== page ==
In “All Souls” Bidgood makes a memorial for those whom she knew, not by name but — in country habit — by the names of their mountain farms. Here she is the walker, ‘from the small glow of my banked fire/ into a black All Souls’,’ looking up from the road into the hills.

The road curves. Further along
a conversation of lights begins
from a few houses, invisible except as light,
calling to farms that higher in darkness
answer still, though each now speaks
for others that lie dumb.

Lit windows are all that is visible of the isolated farms, tiny specks of light against the dark hillside. This is both visual and aural: the lights are ‘a conversation’ and they are ‘calling’. Bidgood continues this connection to the final lines

For them tonight when I go home
I will draw back my curtains, for them
my house shall sing with light.

Fire, the hearth, warmth, light: these are the elements of friendship, celebrated in familiar homes. It’s this ordinariness that Bidgood inhabits and examines within the context of ‘…this rush-ridden valley’ (“Thirst”). She knows and writes of the paths, tracks and waterways but not with sentimental attachment. “Felling-machines” describes the uprooting of spruce trees, the unloved commercial crop planted to be ripped out after thirty years: ‘I just wished/ their silly bare skinny crammed-together trunks,/ with the engine of death swinging again/ towards them, would stop reminding me/ of something human, doomed.’ In “Polluted” the spring water turns grey-yellow and even when it returns to sweetness it leaves ‘dregs of doubt, residual fear.’ Tourists (walkers) arrive with their ‘wishful imaginings’ about staying longer — and leave. “Sheep in the Hedge” shows how a ‘woolly maniac’ resists human help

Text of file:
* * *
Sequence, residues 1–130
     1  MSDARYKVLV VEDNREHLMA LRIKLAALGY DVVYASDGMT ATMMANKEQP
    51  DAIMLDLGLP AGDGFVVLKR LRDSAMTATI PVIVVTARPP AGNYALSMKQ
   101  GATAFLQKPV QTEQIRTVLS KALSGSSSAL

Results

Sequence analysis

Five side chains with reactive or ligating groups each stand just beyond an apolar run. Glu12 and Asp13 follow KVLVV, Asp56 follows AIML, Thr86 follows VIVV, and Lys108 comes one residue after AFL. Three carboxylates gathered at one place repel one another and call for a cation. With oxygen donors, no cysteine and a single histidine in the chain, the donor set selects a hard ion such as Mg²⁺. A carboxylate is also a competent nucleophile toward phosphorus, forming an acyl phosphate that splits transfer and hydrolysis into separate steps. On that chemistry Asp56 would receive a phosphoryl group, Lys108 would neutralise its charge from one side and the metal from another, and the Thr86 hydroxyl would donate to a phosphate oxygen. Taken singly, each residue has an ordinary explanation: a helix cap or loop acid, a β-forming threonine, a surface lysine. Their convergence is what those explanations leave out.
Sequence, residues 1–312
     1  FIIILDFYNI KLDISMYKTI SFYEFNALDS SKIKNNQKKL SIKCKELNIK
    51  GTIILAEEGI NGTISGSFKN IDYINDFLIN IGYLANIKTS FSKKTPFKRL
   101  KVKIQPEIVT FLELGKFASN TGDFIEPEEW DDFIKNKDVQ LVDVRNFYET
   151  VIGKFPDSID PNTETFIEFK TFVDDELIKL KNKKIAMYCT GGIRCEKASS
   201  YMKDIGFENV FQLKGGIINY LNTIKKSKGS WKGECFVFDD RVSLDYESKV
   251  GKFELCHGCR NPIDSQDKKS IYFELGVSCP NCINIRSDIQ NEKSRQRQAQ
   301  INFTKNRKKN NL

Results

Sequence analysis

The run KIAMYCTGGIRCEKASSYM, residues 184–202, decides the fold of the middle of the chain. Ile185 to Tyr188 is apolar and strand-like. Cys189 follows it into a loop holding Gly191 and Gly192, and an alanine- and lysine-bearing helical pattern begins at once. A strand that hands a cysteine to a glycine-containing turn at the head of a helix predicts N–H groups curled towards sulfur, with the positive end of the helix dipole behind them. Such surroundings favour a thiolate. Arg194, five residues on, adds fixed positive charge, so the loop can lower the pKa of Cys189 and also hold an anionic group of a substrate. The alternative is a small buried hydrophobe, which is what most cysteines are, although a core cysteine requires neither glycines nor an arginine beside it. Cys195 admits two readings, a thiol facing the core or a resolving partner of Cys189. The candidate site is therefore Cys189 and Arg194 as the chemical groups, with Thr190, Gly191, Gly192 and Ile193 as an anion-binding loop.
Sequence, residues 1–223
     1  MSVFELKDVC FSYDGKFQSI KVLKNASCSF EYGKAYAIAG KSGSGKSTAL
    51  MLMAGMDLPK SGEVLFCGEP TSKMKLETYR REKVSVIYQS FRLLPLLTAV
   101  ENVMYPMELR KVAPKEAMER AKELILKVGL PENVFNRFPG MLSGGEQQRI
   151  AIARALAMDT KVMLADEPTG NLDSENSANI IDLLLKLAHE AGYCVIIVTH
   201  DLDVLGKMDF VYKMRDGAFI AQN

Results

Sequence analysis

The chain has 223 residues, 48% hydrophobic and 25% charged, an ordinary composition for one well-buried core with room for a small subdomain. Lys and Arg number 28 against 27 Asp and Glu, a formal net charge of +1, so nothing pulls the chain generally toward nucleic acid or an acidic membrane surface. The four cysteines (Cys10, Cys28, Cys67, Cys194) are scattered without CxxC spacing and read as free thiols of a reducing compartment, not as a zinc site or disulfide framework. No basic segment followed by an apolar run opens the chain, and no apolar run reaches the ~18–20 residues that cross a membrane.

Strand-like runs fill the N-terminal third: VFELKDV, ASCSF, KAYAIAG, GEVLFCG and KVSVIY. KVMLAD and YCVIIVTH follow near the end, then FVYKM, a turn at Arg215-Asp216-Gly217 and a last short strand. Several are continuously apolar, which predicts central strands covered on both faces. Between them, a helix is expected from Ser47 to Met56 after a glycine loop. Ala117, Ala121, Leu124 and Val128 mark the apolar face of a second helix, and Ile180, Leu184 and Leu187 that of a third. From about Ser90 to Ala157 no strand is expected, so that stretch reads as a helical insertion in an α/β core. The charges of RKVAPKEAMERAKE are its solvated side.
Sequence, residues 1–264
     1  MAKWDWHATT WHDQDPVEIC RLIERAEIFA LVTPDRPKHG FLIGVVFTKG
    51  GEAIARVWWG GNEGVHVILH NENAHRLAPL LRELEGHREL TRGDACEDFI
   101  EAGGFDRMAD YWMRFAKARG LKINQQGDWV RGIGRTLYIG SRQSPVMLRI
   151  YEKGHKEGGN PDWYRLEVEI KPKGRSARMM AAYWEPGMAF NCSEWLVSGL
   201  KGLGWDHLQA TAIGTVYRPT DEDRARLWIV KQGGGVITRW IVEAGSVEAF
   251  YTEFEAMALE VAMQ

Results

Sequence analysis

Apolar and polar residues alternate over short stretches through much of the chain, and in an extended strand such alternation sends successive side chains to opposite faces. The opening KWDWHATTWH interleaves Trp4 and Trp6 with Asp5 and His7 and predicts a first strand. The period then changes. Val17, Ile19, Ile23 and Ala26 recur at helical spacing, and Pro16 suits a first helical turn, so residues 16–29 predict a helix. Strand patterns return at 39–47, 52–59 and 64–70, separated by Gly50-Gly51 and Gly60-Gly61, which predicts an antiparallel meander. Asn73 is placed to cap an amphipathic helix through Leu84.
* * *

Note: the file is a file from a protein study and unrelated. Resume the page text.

This is no mild and never-never sheep,
but a heavy wild thing, mad with fright,
catapulting at you from a noose of brambles,
hurtling back into worse frenzy of tangles.
Don’t imagine you are welcome.